My question is, will my pages be indexed now in Google if they had <meta name="robots" content="noindex" /> in the past, since they were created? Of course, now they are <meta name="robots" content="index" />. If yes, then how long it will take to have them in Google?

To give you some background, I'm making a site with the manual translation of some text to another language. This surely takes time, and I want to run the site already, having non-translated pages (with the Google machine translation option) along with completed translated ones. My idea is to block indexing of non-translated pages, so they appear to curious people, while not obstructing search engine index. After I get to some particular page, I translate it and change noindex to index. Is that a good idea?


4 Answers 4


I think you are on the correct track. I would keep a "no index" tag on the auto-translated pages.

Here is some more info


Also a video from Matt Cutts http://www.youtube.com/watch?v=GyWx31GeQWY


Sign up for Google webmaster tools.

Submit your site index. Make sure it gets updated every time you change a page to indexable

If Google doesn't read and index the page in a month, go to the Diagnostics section in Google Webmaster tools and submit the page to the Fetch as Googlebot function. After a successful retrieval, you can click on "Submit to Google Index". You have 50 Fetches and 10 submissions per week, so this is best used for stuff that is truly stuck in limbo. It's helped do forced updates on rather egregious Google oversights I've had in the past.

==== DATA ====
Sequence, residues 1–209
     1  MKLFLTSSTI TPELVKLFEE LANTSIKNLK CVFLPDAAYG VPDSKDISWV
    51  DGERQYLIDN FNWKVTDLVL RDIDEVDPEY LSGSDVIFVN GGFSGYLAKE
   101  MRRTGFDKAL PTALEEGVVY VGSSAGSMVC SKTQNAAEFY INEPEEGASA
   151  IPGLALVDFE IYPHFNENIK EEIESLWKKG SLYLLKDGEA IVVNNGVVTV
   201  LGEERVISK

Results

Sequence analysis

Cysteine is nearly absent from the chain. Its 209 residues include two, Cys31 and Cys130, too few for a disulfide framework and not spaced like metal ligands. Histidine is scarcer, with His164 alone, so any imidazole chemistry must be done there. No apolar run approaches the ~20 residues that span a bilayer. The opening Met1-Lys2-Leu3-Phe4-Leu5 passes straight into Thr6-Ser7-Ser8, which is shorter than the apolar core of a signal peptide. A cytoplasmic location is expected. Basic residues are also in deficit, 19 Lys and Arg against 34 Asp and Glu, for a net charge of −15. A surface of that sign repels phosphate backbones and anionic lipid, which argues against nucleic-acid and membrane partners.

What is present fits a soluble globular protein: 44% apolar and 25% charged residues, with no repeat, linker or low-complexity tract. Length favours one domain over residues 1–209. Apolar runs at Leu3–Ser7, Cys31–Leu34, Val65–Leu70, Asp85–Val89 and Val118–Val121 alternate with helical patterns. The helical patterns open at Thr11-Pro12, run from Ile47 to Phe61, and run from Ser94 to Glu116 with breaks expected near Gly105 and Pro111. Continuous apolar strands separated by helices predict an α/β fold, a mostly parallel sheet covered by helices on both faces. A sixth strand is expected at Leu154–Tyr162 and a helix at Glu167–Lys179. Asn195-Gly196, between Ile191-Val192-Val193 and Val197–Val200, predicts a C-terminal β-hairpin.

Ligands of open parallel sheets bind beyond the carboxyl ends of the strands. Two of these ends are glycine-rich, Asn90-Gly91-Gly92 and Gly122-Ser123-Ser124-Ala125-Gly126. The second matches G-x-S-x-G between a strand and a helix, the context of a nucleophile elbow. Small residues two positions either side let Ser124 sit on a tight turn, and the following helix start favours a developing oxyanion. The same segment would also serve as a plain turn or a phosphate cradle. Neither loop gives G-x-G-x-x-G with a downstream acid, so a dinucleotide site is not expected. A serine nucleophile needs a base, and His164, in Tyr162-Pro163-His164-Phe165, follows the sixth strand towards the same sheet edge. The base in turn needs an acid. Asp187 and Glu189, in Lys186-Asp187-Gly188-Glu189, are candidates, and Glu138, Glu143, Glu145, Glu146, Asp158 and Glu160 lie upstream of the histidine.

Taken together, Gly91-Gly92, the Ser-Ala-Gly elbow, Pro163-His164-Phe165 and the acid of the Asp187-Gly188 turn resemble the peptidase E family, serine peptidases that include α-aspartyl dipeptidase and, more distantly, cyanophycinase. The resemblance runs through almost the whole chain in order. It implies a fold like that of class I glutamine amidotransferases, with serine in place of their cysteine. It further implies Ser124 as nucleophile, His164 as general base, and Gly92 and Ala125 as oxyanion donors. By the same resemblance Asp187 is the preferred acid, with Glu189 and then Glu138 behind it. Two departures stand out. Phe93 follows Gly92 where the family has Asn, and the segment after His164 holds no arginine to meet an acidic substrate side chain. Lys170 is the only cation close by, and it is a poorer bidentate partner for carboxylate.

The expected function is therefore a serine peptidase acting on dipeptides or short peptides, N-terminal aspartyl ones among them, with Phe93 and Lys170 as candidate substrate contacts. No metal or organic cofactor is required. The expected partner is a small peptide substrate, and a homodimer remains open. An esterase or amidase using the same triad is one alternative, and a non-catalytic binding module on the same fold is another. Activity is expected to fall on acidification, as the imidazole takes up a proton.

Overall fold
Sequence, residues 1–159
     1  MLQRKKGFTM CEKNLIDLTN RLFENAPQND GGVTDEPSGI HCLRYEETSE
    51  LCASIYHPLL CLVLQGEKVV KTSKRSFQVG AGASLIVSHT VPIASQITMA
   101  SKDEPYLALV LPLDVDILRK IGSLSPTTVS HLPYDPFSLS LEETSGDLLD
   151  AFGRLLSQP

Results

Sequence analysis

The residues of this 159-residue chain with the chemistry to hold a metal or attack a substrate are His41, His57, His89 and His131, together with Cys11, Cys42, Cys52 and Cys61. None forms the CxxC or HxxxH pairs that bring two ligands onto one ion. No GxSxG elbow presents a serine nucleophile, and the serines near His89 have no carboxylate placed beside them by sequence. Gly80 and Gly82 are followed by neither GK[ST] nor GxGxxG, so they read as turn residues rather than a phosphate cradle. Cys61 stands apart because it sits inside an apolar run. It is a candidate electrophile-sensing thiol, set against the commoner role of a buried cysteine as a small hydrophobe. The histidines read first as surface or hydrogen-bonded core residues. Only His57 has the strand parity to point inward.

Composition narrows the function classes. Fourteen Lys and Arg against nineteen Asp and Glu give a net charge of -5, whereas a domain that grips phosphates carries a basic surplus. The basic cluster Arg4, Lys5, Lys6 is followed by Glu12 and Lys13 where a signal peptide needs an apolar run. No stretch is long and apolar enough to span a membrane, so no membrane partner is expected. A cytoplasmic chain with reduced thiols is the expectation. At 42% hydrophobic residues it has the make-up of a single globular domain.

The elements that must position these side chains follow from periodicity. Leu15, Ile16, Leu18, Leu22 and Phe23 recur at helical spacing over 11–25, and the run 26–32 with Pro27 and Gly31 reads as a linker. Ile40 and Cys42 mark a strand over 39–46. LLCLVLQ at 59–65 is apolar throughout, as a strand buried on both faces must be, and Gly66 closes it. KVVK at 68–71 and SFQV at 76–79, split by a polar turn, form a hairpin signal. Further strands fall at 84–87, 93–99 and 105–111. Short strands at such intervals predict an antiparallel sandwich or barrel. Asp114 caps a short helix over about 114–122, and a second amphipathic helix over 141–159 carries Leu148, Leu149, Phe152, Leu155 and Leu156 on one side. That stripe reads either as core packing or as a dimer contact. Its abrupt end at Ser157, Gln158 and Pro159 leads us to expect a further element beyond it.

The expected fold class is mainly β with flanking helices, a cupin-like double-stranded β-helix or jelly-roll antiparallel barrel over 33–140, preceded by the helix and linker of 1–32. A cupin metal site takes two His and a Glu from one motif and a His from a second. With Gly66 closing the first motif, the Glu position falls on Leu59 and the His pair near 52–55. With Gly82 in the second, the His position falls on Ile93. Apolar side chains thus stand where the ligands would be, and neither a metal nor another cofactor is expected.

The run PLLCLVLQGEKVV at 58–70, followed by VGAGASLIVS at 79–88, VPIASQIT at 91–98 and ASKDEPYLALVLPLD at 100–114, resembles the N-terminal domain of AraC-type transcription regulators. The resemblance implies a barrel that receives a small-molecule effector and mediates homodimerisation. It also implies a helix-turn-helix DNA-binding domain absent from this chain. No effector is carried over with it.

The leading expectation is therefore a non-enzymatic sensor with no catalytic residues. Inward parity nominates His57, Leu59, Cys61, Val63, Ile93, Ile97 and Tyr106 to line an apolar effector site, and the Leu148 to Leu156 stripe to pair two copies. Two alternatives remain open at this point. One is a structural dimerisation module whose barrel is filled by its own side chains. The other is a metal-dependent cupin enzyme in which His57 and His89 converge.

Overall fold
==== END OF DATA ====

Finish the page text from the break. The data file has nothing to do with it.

Although using that index meta tag doesn't hurt, it's generally better to not use it at all since the search engines' default stance is "follow and index everything".

Anyway, once the page is available to index it can take anywhere from a few days to a few months, depending on how many new pages need to be indexed at once and how popular your site is. If the site has low traffic* then you will probably not get indexed too quickly.

As others said, create an XML sitemap and add the new pages to it when they are ready to be indexed.

I would also re-evaluate whether having the non-translated pages on your site is actually good for users. As an English speaker, it would look bad to me to see a site mostly in English but then have random pages in a language I don't speak. (One idea: auto-translate those pages into your chosen language and let Google index them. Then it has an idea of the content and you can go back and improve the translation later.)

* Note, Google doesn't know your actual traffic stats, I mean whether from their point of view if the site appears in many search results.


Submit an updated sitemap using the Google webmasters tools, then if all goes well, it will show up in 1 month.

  • 1
    "it will show up in 1 month" is pretty misleading. There is no guarantee on an exact timeframe. It could take a few days, it could take several months. Dec 13, 2011 at 11:54
  • @DisgruntledGoat I agree, but typically it will be 1 month. And historically Google only crawled small sites once per month.
    – Petah
    Dec 13, 2011 at 19:59

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